Pediatric acute lung injury
P. Dahlem*, W.M.C. van Aalderen and A.P. Bos
Medical Center of Coburg, Children’s Hospital, Ketschendorferstr. 33, 96450 Coburg, Bayern, Germany
Clinical research on acute lung injury (ALI) and acute
respiratory distress syndrome (ARDS) is dominated by
studies performed in adult patients.1,2For example, a
Medline search including the terms ‘‘Respiratory Distress
Syndrome, Adult‘‘ OR ‘‘acute lung injury’’ resulted in 9607
clinical investigations (date: 25–1–2007); however, when
limited exclusively to children only 762 hits remained.
Therefore, our aim was to review the most relevant
publications on pediatric ALI.
We included relevant publications on children aged from 4
weeks to 18 years suffering from ALI accessible on the
were defined following the criteria recommended by an
American-European Consensus Conference in 1994
(Table 1).3Preference was given to randomized controlled
clinical trials (RCT) or nonrandomized case-control studies
published up to 31 December 2006. Studies involving
meta-analyses and systematic reviews were also reviewed.
Investigations on pediatric acute hypoxic respiratory failure
(AHRF) were only considered if sufficient information was
given to apply ALI criteria to the analysed patients. Where
appropriate, we have included investigations performed in
adult patients with ALI/ARDS and newborns with the
respiratory distress syndrome (RDS).
HISTORY OF ALI/ARDS - DEFINITION
In 1967 Ashbaugh et al. introduced the term ‘‘adult respira-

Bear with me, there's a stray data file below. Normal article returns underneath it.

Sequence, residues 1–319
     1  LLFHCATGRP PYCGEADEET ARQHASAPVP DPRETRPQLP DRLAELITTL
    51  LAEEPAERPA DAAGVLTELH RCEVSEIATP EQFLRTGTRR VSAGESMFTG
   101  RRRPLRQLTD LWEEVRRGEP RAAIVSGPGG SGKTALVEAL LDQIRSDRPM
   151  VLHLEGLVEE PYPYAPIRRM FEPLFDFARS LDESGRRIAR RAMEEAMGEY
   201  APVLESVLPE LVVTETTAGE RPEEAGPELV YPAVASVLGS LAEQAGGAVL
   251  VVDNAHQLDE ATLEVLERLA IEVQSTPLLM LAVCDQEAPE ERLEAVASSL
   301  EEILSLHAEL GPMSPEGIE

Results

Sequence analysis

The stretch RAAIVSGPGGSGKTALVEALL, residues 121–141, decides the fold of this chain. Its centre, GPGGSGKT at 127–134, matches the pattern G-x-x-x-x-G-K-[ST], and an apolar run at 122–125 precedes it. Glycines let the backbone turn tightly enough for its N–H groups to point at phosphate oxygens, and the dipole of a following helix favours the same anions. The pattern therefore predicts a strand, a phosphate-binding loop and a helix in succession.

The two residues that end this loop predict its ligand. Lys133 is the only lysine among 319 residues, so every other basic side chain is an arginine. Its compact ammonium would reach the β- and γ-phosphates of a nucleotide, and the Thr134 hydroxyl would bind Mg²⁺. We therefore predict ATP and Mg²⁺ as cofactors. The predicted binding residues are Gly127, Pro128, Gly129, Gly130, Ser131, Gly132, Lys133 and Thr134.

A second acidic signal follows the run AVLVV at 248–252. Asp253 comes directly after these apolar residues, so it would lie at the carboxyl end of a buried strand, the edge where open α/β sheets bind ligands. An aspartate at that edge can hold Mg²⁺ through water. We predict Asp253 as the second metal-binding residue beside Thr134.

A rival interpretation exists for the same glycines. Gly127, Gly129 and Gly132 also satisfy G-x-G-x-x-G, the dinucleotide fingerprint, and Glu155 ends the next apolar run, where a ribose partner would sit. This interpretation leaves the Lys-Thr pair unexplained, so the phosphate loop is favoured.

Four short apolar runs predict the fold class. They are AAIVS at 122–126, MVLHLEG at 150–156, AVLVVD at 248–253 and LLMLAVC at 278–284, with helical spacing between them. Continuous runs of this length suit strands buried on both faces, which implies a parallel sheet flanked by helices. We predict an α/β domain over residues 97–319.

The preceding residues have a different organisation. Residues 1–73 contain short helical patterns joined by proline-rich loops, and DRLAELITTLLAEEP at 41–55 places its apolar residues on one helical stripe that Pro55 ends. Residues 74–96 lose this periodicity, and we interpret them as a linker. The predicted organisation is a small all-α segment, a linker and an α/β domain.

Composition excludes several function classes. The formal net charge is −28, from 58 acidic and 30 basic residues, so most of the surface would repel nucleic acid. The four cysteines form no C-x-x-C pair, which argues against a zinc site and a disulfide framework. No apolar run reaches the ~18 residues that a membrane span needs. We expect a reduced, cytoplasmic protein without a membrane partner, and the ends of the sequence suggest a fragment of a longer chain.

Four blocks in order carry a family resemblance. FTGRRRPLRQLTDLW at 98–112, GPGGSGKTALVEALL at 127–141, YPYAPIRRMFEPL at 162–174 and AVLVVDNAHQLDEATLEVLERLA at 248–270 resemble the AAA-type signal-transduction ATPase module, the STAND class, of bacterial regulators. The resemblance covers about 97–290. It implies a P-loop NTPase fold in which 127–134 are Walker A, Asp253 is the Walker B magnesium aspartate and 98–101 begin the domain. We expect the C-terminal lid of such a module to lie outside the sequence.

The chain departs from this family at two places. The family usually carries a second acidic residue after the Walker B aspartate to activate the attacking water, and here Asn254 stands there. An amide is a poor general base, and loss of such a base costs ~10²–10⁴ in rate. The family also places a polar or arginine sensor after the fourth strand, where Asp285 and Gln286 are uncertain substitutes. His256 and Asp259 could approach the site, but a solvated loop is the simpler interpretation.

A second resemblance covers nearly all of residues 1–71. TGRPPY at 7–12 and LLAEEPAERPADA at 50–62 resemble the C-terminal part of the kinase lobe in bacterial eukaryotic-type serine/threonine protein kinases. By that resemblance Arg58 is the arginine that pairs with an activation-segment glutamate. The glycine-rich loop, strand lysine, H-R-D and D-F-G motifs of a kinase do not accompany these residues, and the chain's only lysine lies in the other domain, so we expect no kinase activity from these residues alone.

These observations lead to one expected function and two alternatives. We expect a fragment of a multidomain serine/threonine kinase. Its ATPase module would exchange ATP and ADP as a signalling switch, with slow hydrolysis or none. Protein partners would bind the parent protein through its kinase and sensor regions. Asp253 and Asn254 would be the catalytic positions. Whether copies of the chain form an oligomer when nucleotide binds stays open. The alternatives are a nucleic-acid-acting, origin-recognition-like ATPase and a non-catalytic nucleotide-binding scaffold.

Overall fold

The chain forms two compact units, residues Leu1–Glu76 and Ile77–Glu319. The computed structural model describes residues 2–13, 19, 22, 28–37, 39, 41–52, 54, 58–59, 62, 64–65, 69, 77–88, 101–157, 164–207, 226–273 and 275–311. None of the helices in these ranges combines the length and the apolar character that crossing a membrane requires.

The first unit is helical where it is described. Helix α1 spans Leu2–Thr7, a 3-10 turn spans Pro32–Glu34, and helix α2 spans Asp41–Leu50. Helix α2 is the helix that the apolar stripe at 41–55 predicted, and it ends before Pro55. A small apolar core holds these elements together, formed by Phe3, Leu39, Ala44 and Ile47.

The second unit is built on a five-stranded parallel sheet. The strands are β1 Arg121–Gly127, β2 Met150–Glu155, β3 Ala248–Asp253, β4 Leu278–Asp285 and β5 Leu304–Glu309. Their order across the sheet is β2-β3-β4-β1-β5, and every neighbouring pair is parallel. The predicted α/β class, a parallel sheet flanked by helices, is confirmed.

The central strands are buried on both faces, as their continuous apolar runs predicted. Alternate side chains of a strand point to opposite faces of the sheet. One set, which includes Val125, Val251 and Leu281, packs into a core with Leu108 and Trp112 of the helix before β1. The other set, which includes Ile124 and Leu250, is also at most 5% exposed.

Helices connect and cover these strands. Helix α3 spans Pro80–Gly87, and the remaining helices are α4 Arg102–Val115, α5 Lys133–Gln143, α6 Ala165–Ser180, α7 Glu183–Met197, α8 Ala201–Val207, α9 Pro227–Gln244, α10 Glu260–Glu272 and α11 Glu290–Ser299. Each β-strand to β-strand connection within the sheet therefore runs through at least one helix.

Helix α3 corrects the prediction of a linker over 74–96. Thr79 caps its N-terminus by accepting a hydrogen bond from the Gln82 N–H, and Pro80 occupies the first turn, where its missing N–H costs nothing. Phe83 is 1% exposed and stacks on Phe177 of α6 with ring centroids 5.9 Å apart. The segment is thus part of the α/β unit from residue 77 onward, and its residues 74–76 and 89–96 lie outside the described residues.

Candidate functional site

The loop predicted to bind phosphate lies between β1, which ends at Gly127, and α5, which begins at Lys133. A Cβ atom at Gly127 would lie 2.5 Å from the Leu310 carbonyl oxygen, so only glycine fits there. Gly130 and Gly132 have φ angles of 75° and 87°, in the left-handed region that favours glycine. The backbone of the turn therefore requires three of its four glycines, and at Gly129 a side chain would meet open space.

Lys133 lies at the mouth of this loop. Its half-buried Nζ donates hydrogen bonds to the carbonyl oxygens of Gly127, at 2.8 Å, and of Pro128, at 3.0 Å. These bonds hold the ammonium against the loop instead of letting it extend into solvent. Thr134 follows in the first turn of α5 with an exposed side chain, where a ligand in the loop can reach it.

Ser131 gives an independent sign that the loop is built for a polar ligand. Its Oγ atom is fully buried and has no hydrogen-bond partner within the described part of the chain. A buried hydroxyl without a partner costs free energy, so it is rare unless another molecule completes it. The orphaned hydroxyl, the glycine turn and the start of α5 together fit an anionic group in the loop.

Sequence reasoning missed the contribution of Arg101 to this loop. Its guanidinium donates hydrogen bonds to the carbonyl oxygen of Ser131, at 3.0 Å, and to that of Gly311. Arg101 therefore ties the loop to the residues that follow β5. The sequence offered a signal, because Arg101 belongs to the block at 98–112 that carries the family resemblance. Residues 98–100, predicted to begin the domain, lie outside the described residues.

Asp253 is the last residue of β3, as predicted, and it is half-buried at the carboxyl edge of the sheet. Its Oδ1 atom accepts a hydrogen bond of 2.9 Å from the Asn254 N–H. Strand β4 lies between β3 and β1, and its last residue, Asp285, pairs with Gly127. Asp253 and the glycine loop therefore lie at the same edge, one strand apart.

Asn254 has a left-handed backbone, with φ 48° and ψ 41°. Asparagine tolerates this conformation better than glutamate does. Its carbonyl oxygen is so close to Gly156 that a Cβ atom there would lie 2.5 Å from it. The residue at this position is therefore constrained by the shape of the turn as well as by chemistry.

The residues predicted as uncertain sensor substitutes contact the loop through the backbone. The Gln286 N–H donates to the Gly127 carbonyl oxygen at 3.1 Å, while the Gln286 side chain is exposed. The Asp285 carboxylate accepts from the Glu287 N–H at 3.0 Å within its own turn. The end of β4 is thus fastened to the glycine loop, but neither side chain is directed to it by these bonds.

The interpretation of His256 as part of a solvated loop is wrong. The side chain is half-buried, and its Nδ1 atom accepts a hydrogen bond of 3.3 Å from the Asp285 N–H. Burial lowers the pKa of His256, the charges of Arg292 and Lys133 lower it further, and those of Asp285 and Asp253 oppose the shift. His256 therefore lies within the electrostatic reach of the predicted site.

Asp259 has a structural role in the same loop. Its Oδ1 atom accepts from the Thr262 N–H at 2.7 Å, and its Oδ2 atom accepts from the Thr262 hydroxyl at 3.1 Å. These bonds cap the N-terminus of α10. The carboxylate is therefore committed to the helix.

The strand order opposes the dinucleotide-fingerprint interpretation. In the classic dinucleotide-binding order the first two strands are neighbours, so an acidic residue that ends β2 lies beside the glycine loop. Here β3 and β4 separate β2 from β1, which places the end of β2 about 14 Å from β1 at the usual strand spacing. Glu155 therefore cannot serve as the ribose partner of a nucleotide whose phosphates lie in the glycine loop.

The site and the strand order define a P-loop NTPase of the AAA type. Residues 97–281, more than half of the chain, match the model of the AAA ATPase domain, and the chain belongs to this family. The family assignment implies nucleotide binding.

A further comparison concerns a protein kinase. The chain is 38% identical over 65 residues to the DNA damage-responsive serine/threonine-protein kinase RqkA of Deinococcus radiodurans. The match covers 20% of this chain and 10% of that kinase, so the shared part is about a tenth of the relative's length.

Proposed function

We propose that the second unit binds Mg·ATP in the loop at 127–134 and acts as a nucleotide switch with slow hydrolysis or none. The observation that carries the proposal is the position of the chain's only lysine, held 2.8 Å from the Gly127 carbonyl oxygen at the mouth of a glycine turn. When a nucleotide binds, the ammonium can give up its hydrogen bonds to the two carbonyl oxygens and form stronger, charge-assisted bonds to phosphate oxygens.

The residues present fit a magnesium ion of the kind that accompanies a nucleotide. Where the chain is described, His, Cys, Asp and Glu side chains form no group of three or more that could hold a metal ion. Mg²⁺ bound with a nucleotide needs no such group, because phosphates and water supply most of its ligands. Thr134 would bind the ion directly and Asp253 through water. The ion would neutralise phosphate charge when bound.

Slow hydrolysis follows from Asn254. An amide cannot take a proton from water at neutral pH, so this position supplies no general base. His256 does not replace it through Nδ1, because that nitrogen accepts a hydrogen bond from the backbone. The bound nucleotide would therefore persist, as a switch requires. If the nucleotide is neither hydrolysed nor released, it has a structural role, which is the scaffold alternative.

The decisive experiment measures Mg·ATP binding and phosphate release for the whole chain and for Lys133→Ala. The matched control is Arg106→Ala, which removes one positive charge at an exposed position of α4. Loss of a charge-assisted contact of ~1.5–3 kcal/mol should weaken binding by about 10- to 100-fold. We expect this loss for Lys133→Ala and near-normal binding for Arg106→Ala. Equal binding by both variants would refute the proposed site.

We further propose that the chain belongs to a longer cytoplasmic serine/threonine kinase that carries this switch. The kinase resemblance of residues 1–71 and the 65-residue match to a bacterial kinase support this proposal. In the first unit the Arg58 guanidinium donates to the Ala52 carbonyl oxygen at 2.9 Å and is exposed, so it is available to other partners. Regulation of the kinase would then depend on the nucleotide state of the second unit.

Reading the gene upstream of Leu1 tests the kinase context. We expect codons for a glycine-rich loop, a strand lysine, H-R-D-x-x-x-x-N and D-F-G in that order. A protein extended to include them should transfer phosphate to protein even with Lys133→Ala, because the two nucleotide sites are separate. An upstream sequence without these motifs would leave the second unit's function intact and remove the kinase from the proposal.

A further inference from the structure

tory distress syndrome’’ (ARDS) for a spectrum of condi-
tions characterized by severe hypoxemia, reduced lung
complianceand new bilateralinfiltrates onchest radiograph
(Fig. 1), caused by an unrelated underlying critical illness
PAEDIATRIC RESPIRATORY REVIEWS (2007) 8, 348–362
acute respiratory distress
Summary Among ventilated children, the incidence of acute lung injury (ALI) was 9%;
of that latter group 80% developed the acute respiratory distress syndrome (ARDS). The
population-based prevalence of pediatric ARDS was 5.5 cases/100.000 inhabitants.
Underlying diseases in children were septic shock (34%), respiratory syncytial virus
infections (16%), bacterial pneumonia (15%), near-drowning 9%, and others. Mortality
ranged from18% to 27% for ALI (including ALI-non ARDS and ARDS) and from 29% to
50% for ARDS. Mortality was only 3%–11% in children with ALI-non ARDS. As risk
factors, oxygenation indices and multi-organ failure have been identified. New insights
into the pathophysiology (for example the interplay between intraalveolar coagulation/
fibrinolysis and inflammation and the genetic polymorphism for the angiotensin-con-
verting enzyme) offer new therapeutic options. Lung protective mechanical ventilation
with optimal lung recruitment is the mainstay of supportive therapy. New therapeutic
modalities refer to corticosteroid and surfactant treatment. Well-designed follow up
studies are needed.
? 2007 Elsevier Ltd. All rights reserved.
* Corresponding author. Tel.: +49 9561 225551;
Fax: +49 9561 225552.
E-mail address: PDahlem@hotmail.com (P. Dahlem).
1526-0542/$ – see front matter ? 2007 Elsevier Ltd. All rights reserved.
such as, for example, sepsis or aspiration pneumonia.4
However, the criteria were not clearly defined. Therefore,
in 1993 an American-European Consensus Conference